Composition and Conversation
We like to
tell stories to ourselves to make sense of our life.
Don't we do
that every night when we dream?
From Free-Writing to Revision
Your Main Idea Seen from Different Perspectives
Perl's Composing Guidelines
Another possible start:
an emotion to stimulate an idea.
Remember. Feel. Go back to your storehouse of personal sensory
experiences. Dredge up the details and emotion of some half-forgotten
event. Perhaps you can remember the anguish of a moment long ago
when others seemed for some reason to forget you. Perhaps you still
feel loneliness or fear or pain or delight from some experience you once
had. . . " (West 274)
Making your Story Concrete: Effective Presentation
After you get your
story out, you should start to examine what your main idea is (which originally
is a "felt sense" in the free-writing stage.) Here are some
questions for you to approach the main idea:
I want to write THIS story, but not the others? What sense
do I make of the story?
perspective do I present the story and my main idea? What other perspectives
can I take?
tell a story of your past, do you clearly remember the feelings and perspective
you had then?
Do I want
to stay with the chosen perspective or change another one? Do I want
to use multiple perspectives? If so, how do I do it, with dialogue,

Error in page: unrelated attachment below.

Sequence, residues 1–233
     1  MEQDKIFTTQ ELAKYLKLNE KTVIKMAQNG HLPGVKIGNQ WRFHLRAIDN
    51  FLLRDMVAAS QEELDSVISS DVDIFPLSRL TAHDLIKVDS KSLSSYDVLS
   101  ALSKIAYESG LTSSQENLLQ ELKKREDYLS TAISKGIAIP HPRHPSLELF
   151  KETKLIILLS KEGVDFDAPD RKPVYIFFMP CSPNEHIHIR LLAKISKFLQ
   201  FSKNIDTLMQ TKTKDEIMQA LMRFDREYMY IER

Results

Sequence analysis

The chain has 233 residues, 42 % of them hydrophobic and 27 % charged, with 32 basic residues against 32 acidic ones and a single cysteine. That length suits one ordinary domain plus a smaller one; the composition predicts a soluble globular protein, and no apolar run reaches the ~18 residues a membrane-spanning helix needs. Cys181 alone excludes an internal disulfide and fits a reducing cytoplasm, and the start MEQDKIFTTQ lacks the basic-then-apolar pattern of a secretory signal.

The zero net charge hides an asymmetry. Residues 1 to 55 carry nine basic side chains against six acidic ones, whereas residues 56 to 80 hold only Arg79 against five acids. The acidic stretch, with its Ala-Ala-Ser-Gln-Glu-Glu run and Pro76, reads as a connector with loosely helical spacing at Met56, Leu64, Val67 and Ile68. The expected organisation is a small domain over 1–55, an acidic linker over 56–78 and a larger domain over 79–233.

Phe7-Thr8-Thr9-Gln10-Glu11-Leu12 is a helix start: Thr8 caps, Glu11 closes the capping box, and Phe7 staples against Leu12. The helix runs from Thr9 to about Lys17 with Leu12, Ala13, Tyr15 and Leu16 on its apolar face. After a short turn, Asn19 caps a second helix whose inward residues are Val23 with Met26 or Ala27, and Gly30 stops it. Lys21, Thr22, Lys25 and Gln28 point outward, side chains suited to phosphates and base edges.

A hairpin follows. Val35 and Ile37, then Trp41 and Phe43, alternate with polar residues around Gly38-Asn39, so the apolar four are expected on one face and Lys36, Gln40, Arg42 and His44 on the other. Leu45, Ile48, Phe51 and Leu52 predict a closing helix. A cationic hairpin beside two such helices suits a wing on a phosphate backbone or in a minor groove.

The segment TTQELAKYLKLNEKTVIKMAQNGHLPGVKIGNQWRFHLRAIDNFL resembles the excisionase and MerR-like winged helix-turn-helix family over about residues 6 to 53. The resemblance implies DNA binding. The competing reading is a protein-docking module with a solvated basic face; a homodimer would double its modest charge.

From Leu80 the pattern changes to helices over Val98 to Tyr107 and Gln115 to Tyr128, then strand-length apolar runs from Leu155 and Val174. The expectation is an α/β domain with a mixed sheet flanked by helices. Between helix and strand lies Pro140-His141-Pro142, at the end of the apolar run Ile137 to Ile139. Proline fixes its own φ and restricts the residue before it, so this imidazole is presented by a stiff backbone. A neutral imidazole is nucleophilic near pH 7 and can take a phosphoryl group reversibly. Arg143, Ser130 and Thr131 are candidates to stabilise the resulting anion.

with asterisks (***) or with interior monologue?
want to be creative, you can even consider using an unreliable narrator
or a second-person ("you") narrator.
You can also tell
the story to your friend or groupmate and ask him/her to re-tell it to
you (say back). See if s/he takes a different perspective than you
do, and then you can re-consider the effectiveness of the perspective you
After you are
done with the second draft and have a clear sense of your main idea, you
can then consider the effectiveness of your presentation.
mean appropriate use of details (sensory details, description, and dialogue).
that description can slow down your pace, so you do not do it all the time
in your story. In other words, usually in a story, you want to take
turns to "show" and "tell."
is usually very effective.
want to spell out your main idea at the end? Or just use a concrete
detail to suggest it?
In order for a narration to be interesting
and meaningful, it must have the following elements:
1. Emotion. Writing
is really such hard work that people ought not to bother writing something
with which they are not emotionally involved. What emotions are apparent
in each selection? How strongly is the narrator involved? What
indications are there in the models of strong emotional involvement?
2. Action. Something
happens; that is tension increases and conflict intensifies as various
events occur. In simple stories, the action is very often physical--fights,
calamities, contests--but in more subtle stories the action may be emotional
or intellectual. The action, however, whether it is exterior and
visible or interior and invisible, causes the situation to change so that
conditions are different at the end of the story from the way they were
at the beginning. This movement, or development, is important.
3. Suspense. Each passage
suggests that something is going to happen so that the reader eagerly
anticipates the outcome of these events. to build suspense, you plant